Tuesday, March 31, 2009


I read Michael Hofmann’s Selected Poems last year and was as astonished by it as I have been by any recent poetry book. So I’ve been reading the individual collections – last night, Acrimony, and it’s still marvellous.

The sheer dynamism of his descriptions blows me away. No still lives here. Take this stanza from Nighthawks:

I met a dim acquaintance, a man with the manner
of a laughing-gas victim, rich, frightened, and jovial.
Why doesn’t everyone wear pink, he squeaked.
Only a couple of blocks are safe in his world.

The energy is partly in the descriptions themselves, partly in the movement from one line to another, including those that aren’t enjambed.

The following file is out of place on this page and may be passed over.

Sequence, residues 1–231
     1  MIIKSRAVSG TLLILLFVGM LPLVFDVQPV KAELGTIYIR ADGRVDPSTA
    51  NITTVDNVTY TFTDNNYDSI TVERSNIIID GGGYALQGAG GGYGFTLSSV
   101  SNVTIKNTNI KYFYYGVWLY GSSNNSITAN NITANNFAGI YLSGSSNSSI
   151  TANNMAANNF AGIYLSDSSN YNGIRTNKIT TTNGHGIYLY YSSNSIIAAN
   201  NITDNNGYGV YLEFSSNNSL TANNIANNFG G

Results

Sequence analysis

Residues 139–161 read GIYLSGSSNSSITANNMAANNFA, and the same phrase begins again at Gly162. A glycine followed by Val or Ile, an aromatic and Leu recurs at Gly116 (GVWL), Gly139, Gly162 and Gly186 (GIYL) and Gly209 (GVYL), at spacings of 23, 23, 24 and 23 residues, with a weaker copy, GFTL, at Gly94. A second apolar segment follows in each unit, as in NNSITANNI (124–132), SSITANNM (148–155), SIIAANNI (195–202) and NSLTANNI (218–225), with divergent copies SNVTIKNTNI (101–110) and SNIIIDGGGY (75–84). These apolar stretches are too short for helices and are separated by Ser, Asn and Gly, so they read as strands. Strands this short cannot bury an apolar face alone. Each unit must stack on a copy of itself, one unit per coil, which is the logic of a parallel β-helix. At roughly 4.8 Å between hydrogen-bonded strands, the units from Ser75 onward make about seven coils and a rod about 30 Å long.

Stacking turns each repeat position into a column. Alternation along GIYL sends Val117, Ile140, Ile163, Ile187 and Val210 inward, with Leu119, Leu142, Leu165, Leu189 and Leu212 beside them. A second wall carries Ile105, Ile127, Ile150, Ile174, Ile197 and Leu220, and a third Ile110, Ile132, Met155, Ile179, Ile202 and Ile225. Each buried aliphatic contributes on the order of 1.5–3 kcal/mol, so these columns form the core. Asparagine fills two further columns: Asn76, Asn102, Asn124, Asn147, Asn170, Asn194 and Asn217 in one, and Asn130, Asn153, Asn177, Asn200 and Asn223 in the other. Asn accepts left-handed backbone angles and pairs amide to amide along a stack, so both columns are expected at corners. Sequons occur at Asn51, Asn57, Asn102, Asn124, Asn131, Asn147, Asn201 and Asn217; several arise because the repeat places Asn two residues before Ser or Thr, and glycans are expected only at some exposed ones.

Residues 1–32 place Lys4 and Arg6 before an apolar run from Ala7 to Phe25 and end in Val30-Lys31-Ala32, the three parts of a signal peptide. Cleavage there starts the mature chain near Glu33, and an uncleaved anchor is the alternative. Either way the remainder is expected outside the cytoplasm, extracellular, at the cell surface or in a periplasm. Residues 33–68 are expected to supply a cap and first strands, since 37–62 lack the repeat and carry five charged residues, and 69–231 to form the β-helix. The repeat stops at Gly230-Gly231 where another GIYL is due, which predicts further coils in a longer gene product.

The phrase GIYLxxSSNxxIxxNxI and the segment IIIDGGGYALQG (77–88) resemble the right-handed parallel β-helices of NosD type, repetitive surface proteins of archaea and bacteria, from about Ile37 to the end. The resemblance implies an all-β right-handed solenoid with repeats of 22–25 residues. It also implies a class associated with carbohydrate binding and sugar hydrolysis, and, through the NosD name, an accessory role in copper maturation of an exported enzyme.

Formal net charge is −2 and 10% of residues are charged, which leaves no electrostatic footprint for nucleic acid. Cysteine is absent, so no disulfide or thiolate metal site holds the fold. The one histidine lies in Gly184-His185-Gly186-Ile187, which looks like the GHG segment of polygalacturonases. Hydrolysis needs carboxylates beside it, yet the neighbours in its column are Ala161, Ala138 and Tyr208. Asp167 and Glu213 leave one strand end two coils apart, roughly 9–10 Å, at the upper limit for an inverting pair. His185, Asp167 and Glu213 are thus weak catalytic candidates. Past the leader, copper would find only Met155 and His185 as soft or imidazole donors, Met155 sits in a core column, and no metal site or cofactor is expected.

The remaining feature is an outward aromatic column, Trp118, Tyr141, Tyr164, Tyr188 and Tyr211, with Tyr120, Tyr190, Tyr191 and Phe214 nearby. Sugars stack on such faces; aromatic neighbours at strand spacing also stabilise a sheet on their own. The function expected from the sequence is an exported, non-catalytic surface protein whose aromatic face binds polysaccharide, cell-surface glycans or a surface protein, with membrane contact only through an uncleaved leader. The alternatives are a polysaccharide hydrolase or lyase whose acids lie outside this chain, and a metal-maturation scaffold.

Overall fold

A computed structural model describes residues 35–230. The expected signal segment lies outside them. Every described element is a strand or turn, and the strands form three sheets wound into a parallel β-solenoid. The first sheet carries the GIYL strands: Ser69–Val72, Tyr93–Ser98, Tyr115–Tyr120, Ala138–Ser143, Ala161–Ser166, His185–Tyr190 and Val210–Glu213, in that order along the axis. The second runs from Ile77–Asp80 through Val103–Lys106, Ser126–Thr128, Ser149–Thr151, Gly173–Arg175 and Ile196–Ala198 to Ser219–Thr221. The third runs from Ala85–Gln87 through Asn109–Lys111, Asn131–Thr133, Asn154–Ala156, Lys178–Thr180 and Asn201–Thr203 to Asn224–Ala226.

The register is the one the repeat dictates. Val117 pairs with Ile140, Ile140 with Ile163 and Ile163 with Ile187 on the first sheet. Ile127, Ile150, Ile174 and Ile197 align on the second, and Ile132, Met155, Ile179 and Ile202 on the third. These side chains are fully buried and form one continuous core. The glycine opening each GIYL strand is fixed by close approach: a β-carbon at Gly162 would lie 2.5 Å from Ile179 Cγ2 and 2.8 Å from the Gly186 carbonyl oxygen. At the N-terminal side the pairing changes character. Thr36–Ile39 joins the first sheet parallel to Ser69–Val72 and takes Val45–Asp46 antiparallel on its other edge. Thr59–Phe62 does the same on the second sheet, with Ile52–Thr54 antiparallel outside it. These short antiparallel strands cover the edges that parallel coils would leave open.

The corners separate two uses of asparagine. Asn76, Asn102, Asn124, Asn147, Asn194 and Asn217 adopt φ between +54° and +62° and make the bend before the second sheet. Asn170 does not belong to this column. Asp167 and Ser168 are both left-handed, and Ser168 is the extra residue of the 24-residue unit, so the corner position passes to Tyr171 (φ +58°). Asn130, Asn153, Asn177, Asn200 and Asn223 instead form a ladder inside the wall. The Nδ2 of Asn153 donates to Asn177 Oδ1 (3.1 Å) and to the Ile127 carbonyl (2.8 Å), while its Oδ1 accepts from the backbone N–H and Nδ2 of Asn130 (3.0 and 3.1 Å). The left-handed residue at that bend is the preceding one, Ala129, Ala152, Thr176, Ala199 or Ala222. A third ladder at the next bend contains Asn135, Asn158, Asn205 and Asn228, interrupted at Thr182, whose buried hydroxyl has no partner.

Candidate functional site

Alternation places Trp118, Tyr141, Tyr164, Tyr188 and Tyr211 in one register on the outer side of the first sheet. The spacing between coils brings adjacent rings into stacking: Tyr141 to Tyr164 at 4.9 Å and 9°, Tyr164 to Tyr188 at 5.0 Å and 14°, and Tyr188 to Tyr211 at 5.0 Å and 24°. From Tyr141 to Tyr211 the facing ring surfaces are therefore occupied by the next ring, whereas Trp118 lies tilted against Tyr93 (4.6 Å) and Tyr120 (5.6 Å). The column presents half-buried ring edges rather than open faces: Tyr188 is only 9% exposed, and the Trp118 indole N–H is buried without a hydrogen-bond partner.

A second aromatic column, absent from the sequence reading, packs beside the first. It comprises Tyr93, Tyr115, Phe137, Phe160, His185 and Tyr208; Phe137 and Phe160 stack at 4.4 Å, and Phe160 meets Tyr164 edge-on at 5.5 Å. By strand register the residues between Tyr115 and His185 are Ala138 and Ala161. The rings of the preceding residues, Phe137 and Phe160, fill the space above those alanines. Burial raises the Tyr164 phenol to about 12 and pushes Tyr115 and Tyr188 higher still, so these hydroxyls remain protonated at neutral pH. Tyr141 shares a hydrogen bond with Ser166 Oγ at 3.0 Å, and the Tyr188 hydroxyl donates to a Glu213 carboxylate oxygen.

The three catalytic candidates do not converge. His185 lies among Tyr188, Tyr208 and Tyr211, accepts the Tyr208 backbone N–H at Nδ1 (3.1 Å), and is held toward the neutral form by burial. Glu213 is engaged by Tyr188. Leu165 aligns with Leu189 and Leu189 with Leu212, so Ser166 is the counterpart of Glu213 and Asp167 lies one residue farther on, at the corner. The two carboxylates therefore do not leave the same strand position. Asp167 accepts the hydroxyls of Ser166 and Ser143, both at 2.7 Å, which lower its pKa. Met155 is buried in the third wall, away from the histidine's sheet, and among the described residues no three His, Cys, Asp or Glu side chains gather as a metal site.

And from Between Bed and Wastepaper Basket:

All things tend toward the yellow of unlove,
the tawny, moulting carpet where I am commemorated
by tea- and coffee- stains, by the round holes of furniture –
too much of it, and too long in the same place.

The “yellow of unlove” – what a great phrase! The tragic use of “commemorated”, the way a common detail such as furniture marks can become, without strain, a metaphor for the human condition.


Tony Williams said...

Don't get me started on Hofmann, Rob - watch out or I'll chuck my thesis at you; I agree with you on Hofmann but it weighs a ton!

Matt Merritt said...

It's a terrific collection, isn't it? When I started getting back into poetry in a big way, it was the first book I bought (mainly because it was in a secondhand shop for £2). I reckon I've since read it from cover to cover more than any single collection, but I never get tired of it.

Ben Wilkinson said...


Rob said...

Cheers everyone. Good piece, Ben.